Your Financial First Aid Kit: Dealing with Unexpected Medical Bills

When it comes to unexpected expenses, medical bills are among the most common. Whether it’s a broken arm at the playground or a long-term illness, just one visit to the ER or a specialist can cost you thousands of dollars – even if you’re insured.

Arbor has been publishing a series on the importance of building your financial first aid kit to deal with emergency expenses. In 2020, 36% of Americans reported that they would have difficulty covering a $400 surprise expense – and unfortunately, many medical bills far exceed that. When it comes to your mental, physical, and financial health, being prepared with a financial first aid kit is just as important as a medical one.

Below, we’ll outline the gravity of medical bills and a few of the important tools in your financial first aid kit that can help you cope with these surprise expenses.


The Expense: Medical Bills

Unfortunately, it’s very likely that you or a loved one will one day deal with a short- or long-term health condition. 1 in 2 men and 1 in 3 women will be diagnosed with cancer during their lifetime, and each year, 130 million Americans visit an ER – that’s 40% of the U.S. population. Though nobody is ever quite prepared to deal with unexpected health problems, knowing you can financially afford to fight these illnesses is an important first step.

Getting sick isn’t cheap. A single ER visit costs over $1,000 on average – that includes people who are privately insured. And in 2018, cancer patients in the U.S. paid a total of $5.6 billion out of pocket in total for treatments, ranging from surgery to chemotherapy. Then there are surprise bills: Even if you’re insured, you might be treated by an out-of-network doctor during an emergency. 20% of insured adults in the U.S. have experienced a surprise medical bill.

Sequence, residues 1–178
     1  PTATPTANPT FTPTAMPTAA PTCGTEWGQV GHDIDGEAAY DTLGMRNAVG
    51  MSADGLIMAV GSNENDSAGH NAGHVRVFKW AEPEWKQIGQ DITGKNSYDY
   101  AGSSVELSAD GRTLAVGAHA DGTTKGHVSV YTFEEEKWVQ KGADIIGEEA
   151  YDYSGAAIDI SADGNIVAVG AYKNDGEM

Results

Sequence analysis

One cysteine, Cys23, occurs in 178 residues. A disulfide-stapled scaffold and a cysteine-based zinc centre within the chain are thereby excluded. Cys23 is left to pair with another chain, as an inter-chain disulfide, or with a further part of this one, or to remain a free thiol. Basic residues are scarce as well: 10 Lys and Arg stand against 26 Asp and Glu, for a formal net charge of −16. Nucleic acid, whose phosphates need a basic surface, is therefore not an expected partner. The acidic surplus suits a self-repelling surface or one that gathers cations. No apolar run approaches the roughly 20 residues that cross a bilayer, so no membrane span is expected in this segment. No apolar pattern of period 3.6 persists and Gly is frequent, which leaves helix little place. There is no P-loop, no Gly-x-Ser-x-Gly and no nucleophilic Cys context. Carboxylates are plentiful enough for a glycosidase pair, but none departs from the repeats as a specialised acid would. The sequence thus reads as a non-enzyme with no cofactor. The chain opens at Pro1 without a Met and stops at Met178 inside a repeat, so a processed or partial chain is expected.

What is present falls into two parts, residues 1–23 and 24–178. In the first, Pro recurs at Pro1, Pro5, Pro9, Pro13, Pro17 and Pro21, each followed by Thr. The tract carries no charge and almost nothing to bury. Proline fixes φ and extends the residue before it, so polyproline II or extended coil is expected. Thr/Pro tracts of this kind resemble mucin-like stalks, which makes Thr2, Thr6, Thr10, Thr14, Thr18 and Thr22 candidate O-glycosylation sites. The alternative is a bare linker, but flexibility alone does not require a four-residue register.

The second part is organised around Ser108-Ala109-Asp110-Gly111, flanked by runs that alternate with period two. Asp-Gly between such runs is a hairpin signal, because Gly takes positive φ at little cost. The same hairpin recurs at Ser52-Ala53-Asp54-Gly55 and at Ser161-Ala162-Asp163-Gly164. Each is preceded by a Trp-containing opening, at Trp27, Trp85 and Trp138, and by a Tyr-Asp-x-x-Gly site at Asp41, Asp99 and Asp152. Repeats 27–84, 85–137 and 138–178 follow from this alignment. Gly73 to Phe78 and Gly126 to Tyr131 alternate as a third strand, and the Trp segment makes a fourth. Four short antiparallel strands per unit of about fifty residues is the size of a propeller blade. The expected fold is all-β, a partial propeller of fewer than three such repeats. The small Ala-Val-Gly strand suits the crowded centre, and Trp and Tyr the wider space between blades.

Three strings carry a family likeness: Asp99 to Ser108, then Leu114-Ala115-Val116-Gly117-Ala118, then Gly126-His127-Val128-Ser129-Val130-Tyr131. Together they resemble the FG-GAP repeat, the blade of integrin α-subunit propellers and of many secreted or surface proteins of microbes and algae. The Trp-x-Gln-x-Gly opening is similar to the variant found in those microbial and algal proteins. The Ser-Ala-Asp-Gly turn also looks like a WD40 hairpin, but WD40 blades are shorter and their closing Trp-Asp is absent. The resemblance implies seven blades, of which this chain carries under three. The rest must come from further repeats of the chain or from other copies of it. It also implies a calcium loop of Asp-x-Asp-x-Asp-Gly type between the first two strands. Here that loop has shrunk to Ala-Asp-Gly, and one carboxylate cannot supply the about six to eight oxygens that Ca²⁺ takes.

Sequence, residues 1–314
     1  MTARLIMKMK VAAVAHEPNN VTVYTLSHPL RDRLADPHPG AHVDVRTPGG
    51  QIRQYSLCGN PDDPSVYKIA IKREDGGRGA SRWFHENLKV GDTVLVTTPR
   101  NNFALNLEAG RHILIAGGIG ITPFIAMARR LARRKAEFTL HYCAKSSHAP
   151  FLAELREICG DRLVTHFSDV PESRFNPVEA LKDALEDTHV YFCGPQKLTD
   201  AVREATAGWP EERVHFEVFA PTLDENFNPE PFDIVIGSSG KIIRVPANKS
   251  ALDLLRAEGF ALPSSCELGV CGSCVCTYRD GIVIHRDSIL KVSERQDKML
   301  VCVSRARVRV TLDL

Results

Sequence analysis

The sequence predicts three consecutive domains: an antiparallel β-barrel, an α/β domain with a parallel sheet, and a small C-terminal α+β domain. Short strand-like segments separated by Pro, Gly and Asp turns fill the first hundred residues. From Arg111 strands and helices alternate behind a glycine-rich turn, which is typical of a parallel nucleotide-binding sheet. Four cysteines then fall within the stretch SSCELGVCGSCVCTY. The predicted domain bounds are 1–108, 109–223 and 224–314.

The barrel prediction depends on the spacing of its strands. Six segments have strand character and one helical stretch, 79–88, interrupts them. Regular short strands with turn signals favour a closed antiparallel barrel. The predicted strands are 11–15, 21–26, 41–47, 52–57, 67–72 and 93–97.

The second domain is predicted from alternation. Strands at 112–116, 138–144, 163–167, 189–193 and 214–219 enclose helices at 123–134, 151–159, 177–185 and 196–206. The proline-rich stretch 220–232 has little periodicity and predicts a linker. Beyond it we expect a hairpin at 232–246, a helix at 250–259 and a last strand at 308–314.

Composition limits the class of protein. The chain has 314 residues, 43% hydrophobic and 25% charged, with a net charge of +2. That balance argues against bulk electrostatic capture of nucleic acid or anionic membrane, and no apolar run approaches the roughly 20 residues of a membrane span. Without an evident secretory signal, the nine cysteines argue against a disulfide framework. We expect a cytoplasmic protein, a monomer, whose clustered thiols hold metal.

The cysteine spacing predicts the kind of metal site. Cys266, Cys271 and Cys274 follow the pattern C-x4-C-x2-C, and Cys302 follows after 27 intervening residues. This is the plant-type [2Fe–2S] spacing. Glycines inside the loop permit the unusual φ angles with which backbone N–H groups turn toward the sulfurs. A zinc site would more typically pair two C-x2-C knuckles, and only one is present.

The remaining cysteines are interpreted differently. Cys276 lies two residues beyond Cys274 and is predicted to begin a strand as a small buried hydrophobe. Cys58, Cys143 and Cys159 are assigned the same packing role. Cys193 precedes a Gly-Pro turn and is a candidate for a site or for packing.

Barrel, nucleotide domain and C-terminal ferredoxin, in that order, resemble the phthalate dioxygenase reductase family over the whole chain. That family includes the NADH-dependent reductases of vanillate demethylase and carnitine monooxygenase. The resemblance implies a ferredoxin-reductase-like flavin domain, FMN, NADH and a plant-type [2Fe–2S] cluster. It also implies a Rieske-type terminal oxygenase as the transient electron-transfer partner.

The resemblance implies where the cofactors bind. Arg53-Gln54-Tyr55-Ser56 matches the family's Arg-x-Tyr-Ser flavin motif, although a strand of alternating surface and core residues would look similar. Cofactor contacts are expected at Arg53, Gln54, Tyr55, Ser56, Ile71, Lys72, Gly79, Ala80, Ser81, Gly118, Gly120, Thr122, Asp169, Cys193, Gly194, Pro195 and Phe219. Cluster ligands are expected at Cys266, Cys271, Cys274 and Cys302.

The last thing you want to deal with during an unexpected medical situation is financial stress. That’s why it’s so important to have these tools in your financial first aid kit.


The Tools: HSA and FSA Accounts

Opening an HSA or FSA account is one smart way to start saving for potential unexpected medical bills without wasting your money. HSA accounts function similarly to personal savings accounts, but the money is used to pay for healthcare only – and it’s tax-free. Opening and contributing to an HSA gives you a failsafe in case of expensive emergency bills – and you can use the money you’ve saved for more basic expenses as well, like new glasses or a prescription.


The Tools: Financial Advisor

Choosing the right Financial Advisor is an important step in protecting your financial and mental health. It’s hard to know exactly how much to save for emergency health expenses – a trusted Advisor can help you figure out how much to put away in your HSA or FSA accounts, so you can reach your long-term savings goals and make sure you’re prepared for the unexpected. Dealing with surprise health problems can be debilitating physically and mentally, especially with the high cost of healthcare. Knowing you’ve already made plans with a trusted Financial Advisor can alleviate some of the stress that medical bills provoke.


The Tools: Short- and Long-Term Disability Insurance

Disability insurance is a great way to assure you’re covered in case of an accident or illness that takes you out of work. Although many Americans think that a disabling event won’t happen to them, 1 in 4 of today’s 20-year-olds can expect to be out of work for at least a year due to a disability before they reach retirement. Your disability insurance is a failsafe in the event that an illness risks you losing your paycheck – it covers anything from cancer treatment, to car accidents, to even pregnancy.

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